Sunday, February 04, 2007


Anita Creamer: Finding the family she never knew she had
By Anita Creamer - Bee ColumnistPublished 12:00 am PST Sunday, February 4, 2007
She's always thought of herself as an only child, a singleton in a world of siblings. But now Crystal Weber has learned she's part of a sprawling family of brothers and sisters -- in Germany.
"My adoptive parents were so wonderful," says Weber, 40, a graphic designer who lives in east Sacramento. "When I was little, they told me they wanted a baby so bad, they went all the way across the ocean to Germany, and out of all the babies in the world, they chose me."
The truth was a little less poetic, if no less involved. Her parents, Jim and Wilma Tucker, lived in Germany when her father was in the Army. They adopted Crystal in 1966, and then they returned home to raise her as their American child.
The Tuckers later divorced, and Wilma returned to Fresno, where she had family. Jim remarried and had more children. Ties can fray, and families can grow distant: Crystal says she didn't really know any of her half-siblings for many years.
She felt like an only child, albeit one who knew the name of her German birth mother, Hannelore. She also knew she'd had an identical twin who died just after birth. The Tuckers had planned to adopt them both.
But growing up in Fresno, Crystal was surrounded by a large, loving extended family.
"I didn't think about my German family," she says. "In my 20s, I went through a period of wanting to find my birth mother, but I didn't go full force. I don't speak German, and the language barrier was so intimidating. And I thought it would cost hundreds of dollars."
Even so, she changed her surname to Weber, the name on her German birth certificate. And when she and her partner at the time visited Europe in 1991, they went to the Bavarian town of Ansbach, where Crystal was born. "There were four women listed in the phone book with my birth mother's first and last names," she says. "It freaked me out. I walked around crying."
Life rarely presents us with a clear and linear plot. And so it wasn't until last year that Crystal returned to her search. That's when she learned about an American woman named Angela Shelley, who lives in Germany and searches birth records there for foreign adoptees.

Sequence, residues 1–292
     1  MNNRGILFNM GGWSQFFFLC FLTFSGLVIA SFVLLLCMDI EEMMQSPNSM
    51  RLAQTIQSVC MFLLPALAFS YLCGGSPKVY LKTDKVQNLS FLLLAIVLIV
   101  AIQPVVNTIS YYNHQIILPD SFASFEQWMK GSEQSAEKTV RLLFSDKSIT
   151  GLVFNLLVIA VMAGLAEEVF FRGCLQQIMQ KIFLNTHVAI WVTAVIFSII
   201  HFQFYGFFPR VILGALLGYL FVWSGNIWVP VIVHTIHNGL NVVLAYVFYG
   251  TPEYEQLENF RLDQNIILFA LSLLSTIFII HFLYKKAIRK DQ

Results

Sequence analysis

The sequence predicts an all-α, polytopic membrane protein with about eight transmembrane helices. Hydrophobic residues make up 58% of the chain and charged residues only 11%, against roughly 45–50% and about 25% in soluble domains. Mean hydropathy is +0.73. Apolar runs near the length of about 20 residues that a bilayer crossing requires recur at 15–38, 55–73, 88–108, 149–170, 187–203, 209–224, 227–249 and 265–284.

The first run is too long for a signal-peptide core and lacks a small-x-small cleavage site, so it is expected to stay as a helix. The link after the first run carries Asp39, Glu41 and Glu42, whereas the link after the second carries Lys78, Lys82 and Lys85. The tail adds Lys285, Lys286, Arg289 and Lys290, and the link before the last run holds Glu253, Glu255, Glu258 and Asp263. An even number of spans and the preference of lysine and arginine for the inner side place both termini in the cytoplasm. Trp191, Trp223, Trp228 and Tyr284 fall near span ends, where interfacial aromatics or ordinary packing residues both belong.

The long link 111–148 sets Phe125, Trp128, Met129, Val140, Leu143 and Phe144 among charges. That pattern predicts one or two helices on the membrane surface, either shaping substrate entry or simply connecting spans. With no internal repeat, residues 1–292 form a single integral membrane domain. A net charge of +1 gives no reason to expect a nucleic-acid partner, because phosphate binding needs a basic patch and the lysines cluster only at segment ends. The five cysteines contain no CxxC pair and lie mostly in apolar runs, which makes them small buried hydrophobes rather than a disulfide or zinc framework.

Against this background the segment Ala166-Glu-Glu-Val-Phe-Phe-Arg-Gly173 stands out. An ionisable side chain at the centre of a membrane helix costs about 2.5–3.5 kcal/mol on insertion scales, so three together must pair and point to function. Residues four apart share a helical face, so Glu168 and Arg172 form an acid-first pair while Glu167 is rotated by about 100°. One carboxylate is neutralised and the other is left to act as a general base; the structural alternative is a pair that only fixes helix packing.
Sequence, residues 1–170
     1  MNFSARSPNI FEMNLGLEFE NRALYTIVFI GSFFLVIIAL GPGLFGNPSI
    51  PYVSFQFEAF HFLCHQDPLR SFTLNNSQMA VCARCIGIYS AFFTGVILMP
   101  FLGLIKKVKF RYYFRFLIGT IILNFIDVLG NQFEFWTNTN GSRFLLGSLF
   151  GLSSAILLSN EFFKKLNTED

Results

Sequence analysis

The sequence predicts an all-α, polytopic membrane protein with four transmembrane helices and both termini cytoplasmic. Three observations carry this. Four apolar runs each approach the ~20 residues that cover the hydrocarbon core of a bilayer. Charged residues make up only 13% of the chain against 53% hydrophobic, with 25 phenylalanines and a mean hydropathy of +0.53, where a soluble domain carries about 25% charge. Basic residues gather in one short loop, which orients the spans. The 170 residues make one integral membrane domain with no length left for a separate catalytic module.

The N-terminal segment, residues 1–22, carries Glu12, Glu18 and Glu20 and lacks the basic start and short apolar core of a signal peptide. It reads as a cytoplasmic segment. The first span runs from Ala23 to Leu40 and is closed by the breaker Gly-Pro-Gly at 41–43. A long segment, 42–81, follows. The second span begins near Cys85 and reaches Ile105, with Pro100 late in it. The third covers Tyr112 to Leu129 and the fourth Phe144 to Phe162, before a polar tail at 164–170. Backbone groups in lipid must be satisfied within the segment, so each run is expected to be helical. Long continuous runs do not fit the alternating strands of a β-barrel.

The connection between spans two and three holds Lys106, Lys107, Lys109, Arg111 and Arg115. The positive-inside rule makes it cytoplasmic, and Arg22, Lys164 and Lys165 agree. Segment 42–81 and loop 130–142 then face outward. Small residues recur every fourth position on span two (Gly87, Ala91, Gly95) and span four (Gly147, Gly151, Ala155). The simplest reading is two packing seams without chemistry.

By fall, Crystal learned that she had at least two older siblings, and that another brother had died at age 3. On Dec. 6, Shelley called her from Germany with more news.
"She said my mother's still alive and in a nursing home," says Crystal. "That just floored me. And then she said, 'You have six brothers and sisters, all living within 100 miles of each other in Germany.' She told me their names and ages."
Although their birth mother gave all of them up immediately after birth, the German siblings -- ranging in age from 36 to 49 -- found each other several years ago. And now their American sibling has found them, too.
"I hung up the phone and burst into tears," says Crystal. "It was so overwhelming to realize I'm connected by blood to people who look like me."
Halfway around the world, six German citizens are marveling at the fact that they have a sister in California. Her brothers, says Crystal, sent her Christmas cards telling her she was the best Christmas gift ever.
One of them, 44-year-old Ralf Linder, plans to visit Sacramento in a few weeks, which presented a new question.
"I've been out since I was 16," says Crystal. "It's not an issue. But what if my new family rejected me? It brought up a lot of fears. I wanted to make sure Ralf knew before he comes."
So she conferred with friends, e-mailed another brother, Michael Steiner, and held her breath until he got back to her.
"He said, 'Of course, everything's OK. Of course, it doesn't matter.'"
She's planning a trip to Germany this summer. She's also planning to learn German, at last.
"This feels so special, because we all grew up in other families, and then we found each other," she says. "I'm so excited."

1 comment:

Anonymous said...

I loved reading this story. There were two things I picked out.
Firstly, that common story of the adoptee being "chosen" that is told by adoptive parents. My parents also told me this story, and it was my favourite story at bedtime. No one was wise to the underlying questions and worries that adoptees have despite the love they receive, the worries about being different and wonderings about why they were given up.
Secondly, I wonder if Crystal's siblings could accept her because they were all in the same boat, all adopted. I think there might be a bit of a misconception about reunions between siblings being perfect and happy. In fact, there are so many complex factors involved, such as relationships with parents, birth order, perhaps jealousy, perhaps just the fact that so much time has passed.
It is so lovely that Crystal's family is now extended.